3 questions from authors along with my answers.
Q1: How do I continue on when I’ve lost my confidence as a writer?
A1: Okay – let’s dive into some mindset stuff here! Close your eyes, take some deep cleansing breaths, clear your mind, and think of a time when you were totally in the zone as a writer. You were at-the-edge-of-your-seat excited about what you were working on, the ideas and words were flowing to your fingers faster than you could type them, and you had the overall feeling – “Damn, I am GREAT at this & people are going to love what I’m writing!” Picture that moment in as much detail as possible. If at all possible, pull the piece you were working on and reread it, keeping in mind that before you, it did not exist. The idea, the words, the story you communicated…. It was you, as an author, who breathed life into all of that.
No matter what happened with this piece afterwards (because most of that is beyond our control), focus on the fact that you created those words, first in your mind and then you had the courage and confidence to make them reality. That is a HUGE accomplishment and the only reason it happened, is because YOU are an author. And even if another author got a hold of your exact writing ideas and details behind this piece (and everything else you have ever written), it would not come out the same because of your unique perspective, style, and way of communicating. You did that. And if you did it before – you can – and will – do it again. You have everything you need within you – author!
Q2: How do I write the back cover copy for my book?
A2: Here’s a general template I use for back cover copy that I invented years ago on a freelance copywriting job where I’d write over a dozen back covers every week.
Attention Getting Pull Out Quote: The most captivating (okay – dramatic!) quote you can find in your book that also either hints at or describes a piece of your book’s promise.
Example from a self-help memoir by one of my authors:
I was sick to my stomach. I wanted him to feel my pain
and to instill fear in him. I lifted my arms and swung at him
with the bat… it broke with a snap.
Thesis Statement: Similar to the opening line of a press release (but not as dry), the who, what, where, when, why, how, etc. of your book.
Reader promise: Whether in a paragraph or bullet points, now you make it about WIIFM – what’s in it for me as the reader. For fiction – the most enticing promises of the story… think – If this were a movie what would be in the trailer?
Closing Line: This is your last opportunity to make your case for the reader buying your book. Don’t hold back.
For nonfiction – the most compelling and urgent “why it is absolutely urgent that you read this book & your life will not be the same if you do not.”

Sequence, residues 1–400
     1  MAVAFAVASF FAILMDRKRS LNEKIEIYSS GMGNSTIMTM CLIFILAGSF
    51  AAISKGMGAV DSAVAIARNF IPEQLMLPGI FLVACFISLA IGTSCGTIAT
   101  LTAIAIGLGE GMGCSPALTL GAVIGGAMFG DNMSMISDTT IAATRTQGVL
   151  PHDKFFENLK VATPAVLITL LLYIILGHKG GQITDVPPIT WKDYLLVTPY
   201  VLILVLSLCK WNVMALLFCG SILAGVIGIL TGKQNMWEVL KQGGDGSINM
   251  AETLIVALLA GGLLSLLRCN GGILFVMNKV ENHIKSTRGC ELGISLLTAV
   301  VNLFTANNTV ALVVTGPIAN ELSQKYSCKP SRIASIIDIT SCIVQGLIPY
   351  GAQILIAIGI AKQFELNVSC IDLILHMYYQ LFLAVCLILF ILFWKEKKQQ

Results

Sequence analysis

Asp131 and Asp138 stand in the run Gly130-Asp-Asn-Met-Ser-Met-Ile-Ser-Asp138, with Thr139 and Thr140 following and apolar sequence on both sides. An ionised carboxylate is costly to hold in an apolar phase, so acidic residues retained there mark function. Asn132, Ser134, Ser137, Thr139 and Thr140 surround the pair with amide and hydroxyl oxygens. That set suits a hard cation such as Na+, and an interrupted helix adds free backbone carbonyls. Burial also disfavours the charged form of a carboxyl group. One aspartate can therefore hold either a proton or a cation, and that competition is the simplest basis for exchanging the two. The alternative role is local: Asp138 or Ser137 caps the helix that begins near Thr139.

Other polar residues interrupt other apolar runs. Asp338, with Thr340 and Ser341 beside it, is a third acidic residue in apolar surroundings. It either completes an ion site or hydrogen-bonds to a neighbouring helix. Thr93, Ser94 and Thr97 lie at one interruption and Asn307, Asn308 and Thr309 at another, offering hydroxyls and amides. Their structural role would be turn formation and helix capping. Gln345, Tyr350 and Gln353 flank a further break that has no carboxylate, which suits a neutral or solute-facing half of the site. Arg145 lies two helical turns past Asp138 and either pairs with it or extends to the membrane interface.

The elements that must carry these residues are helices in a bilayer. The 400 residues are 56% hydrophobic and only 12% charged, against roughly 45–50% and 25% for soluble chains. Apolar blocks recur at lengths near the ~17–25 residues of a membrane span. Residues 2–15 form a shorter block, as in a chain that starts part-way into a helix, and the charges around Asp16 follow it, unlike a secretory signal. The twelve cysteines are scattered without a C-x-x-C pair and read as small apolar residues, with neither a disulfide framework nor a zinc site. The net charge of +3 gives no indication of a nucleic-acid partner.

For fiction – the cliffhanger (will they or won’t they fall in love, will the main character survive, will the planet get blown up by aliens, etc.)
Q3: When writing a self-help book how do you create a balance between teaching the process and including your personal story? Do you include success stories of others that have been through and used the process?First, a quick recap of why I love self-help memoirs: Purely self-help has the author “should-ing” all over the reader without building trust & rapport by sharing (authentically and vulnerably) their personal story. Purely memoir, without any message strategically woven throughout, can leave the reader ambiguous on the intended transformation and their action steps to achieve it.
Now, onto the Q. In self-help memoirs, I call what you’re describing “finding the intersection of story & message.” This means designing an architecture that connects story and message – ex. 70% story, 30% message, 90% message, 10% story, etc. Sometimes story will lead, and sometimes your message will guide your architecture.
Here are some questions to ask to help find the story/message intersection in your book-in-progress:
1. What is the ultimate business/brand goal of your book? Would leading with story or message better support that goal?
2. Is your author brand (or emerging one) heavier on your personal story, or on your message/teaching process?
3. Based on your research of your target readers, which balance might better “speak their language”?
4. Which structure better plays to YOUR strengths as an author?
And to answer your second question, yes, success stories of others – whether you call them case studies, vignettes, or stories – fall under the category of “story” in your architecture. When written as such (a story with a beginning, middle and end – NOT a testimonial!), success stories can be effective in your message/lessons to life.
Hopefully some of the information above is helpful for you now OR at some point in your book development, writing and publishing process. Have some questions of your own? Shoot me an email!